Allergan Beats Securities Suit Related to Breast Implants’ Alleged Link to Rare Cancer

Judge Colleen McMahon has dismissed a class action suit against Allergan PLC for alleged securities fraud. The court found that the plaintiffs presented no evidence that Allergan misled the public about the potential link between some of their breast implants, a rare form of cancer, and the eventual recall of said implants from the European market.

Per the order, Allergan is a global pharmaceutical and medical products company that develops, manufactures, and sells over 100 pharmaceutical and medical-aesthetics products. At issue in this case is their production and sale of textured breast implants, which can adhere to tissue better in some patients.

In the mid-2010s, several studies were published that found an association between Allergan’s textured-envelope implants and anaplastic large cell lymphoma, a rare form of non-Hodgkin’s lymphoma. Although these studies were not able to identify the manufacturer of a large section of the implants associated with the cancer in their samples, they did find outsized numbers of cases to be associated with Allergan’s textured implants. Breast implant associated anaplastic large cell-lymphoma (BIA-ALCL) is extremely rare and generally treatable.

However, these studies were not able to calculate the incidence rate of Allergan’s implants compared with other manufacturers. In other words, these studies could not ascertain whether patients were more likely to develop BIA-ALCL from Allergan’s textured implants or from their competitors.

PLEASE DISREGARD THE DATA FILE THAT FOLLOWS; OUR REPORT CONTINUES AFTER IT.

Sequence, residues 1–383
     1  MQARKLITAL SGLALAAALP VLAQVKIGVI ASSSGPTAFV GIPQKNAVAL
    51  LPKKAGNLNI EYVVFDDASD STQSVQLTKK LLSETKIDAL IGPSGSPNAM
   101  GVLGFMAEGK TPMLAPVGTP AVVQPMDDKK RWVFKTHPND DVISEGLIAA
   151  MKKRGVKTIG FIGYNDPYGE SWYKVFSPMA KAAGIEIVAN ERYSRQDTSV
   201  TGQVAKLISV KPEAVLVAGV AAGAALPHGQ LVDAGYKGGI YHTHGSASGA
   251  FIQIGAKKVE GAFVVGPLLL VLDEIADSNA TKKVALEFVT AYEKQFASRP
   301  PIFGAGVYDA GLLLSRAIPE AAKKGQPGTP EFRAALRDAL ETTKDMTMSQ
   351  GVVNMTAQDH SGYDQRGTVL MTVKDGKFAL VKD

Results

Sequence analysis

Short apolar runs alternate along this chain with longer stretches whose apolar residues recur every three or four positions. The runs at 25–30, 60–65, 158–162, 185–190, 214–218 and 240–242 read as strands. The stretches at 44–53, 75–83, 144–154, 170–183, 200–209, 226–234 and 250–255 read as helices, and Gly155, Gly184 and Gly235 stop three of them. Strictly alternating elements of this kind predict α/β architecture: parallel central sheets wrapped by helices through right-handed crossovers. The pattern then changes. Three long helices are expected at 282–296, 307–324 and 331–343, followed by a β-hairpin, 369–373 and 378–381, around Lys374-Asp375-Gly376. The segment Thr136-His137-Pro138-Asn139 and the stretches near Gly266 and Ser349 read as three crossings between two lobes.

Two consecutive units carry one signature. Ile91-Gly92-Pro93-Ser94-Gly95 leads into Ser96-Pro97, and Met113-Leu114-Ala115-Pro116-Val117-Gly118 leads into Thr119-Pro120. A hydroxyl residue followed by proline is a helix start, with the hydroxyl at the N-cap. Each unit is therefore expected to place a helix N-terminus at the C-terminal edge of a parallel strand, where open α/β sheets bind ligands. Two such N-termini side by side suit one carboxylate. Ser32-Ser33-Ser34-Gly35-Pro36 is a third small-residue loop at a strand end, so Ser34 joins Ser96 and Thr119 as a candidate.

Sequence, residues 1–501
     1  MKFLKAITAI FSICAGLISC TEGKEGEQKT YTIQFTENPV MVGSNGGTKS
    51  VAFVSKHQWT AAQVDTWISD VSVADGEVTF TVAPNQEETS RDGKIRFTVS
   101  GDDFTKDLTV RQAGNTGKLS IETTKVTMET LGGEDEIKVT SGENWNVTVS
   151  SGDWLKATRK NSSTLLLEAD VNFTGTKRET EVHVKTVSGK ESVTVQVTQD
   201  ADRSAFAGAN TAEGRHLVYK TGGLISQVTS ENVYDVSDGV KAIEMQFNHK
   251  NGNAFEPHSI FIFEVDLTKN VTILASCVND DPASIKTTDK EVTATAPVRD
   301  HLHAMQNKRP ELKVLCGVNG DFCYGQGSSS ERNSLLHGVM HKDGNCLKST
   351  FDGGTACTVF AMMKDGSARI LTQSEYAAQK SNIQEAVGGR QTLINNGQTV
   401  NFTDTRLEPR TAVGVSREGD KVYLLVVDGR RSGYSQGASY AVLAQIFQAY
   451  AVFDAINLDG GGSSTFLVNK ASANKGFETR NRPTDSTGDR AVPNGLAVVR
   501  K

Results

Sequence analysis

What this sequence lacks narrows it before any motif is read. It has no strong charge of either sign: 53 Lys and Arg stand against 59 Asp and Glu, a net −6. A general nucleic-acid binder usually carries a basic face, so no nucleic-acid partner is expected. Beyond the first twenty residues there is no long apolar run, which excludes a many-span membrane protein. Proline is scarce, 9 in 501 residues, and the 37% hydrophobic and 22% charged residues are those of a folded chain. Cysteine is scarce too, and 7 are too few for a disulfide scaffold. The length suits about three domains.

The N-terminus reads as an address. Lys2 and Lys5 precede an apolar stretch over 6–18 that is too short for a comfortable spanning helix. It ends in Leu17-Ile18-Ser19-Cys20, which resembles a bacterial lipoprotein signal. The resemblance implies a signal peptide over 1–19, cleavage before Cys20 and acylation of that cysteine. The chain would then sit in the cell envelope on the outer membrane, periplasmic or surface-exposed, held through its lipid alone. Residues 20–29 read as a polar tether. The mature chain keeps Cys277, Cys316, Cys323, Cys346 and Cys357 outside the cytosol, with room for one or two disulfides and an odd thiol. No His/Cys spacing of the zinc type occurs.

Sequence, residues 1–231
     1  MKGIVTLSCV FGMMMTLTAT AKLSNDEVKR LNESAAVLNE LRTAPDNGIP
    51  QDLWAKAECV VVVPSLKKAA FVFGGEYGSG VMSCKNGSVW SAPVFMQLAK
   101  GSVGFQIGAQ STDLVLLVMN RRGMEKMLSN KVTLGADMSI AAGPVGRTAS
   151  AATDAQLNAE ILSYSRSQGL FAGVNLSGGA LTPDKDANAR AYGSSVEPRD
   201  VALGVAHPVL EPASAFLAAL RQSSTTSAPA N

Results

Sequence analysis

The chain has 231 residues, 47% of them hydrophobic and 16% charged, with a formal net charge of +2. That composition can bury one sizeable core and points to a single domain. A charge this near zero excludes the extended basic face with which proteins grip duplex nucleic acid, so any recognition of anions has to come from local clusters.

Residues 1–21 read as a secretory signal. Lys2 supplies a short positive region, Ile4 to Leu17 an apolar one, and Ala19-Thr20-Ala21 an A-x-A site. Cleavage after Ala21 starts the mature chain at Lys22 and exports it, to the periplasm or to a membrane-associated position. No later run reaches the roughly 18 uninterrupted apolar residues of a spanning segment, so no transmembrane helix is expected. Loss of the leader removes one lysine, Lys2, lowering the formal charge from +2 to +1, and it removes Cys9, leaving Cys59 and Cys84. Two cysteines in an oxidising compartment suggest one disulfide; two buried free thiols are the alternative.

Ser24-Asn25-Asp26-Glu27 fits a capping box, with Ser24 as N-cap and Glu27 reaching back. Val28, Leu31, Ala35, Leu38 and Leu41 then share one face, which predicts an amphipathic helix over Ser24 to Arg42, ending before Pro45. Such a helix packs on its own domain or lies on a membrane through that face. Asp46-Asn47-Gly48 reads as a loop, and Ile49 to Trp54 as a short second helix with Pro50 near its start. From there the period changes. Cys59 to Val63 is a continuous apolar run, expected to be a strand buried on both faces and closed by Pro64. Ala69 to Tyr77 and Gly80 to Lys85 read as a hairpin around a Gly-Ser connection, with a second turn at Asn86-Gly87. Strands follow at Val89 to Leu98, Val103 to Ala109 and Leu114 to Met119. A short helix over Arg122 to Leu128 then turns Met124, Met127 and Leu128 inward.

The order details that to sell medical devices in Europe, companies need to obtain a Conformité Européene (CE) mark from a body called the GMED. CE marks are up for renewal every five years. When Allergan’s textured implants were up for renewal in 2019, the GMED, appeared to indicate that the implants’ CE mark would be renewed; however, as the GMED began to look into the link between textured implants an BIA-ALCL, the ASNM seemed reticent to approve the renewal.

On December 14, 2018, the GMED announced that it would not recertify the implants, and four days later, France’s National Agency for the Safety of Medicines and Health Products (ASNM) issued a recall for Allergan’s textured implants. Allergan’s stock price subsequently fell nearly 7%. The following spring, the ASNM decided to recall all heavily textured implants.

Two days after Allergan’s recall, the plaintiffs sued alleging executives at Allergan misled the public about the higher risk for BIA-ALCL in patients who received an Allergan textured implant compared with those of other companies. 

The Southern District of New York disagreed. Judge McMahon found that not only were the studies cited by the plaintiffs publicly available, neither they, nor the regulatory bodies commenting on their contents felt there was any link between Allergan, in particular, and BIA-ALCL. As such, not only did Allergan not have a duty to disclose this fact, if they did so they would be lying to the public.

Judge McMahon further found that Allergan’s implants were recalled before those of other manufacturers for the sole reason that they were up for renewal before other implants. Nothing in the ASNM’s statements implied otherwise. Furthermore, the court found Allergan’s statements regarding the safety of said implants to be true, as BIA-ALCL is extremely rare. 

Finally, Judge McMahon ruled that the plaintiffs could not prove loss causation, since the implants in question only made up 0.8% of Allergan’s global revenue, and sales specifically in CE mark countries made up only half of that. These fall well below standards set by precedent for how significant an event must be to qualify as loss causation.

The lead plaintiff is represented by Faruqi & Faruqi, LLP, and Allergan by Cleary Gottlieb Steen & Hamilton LLP.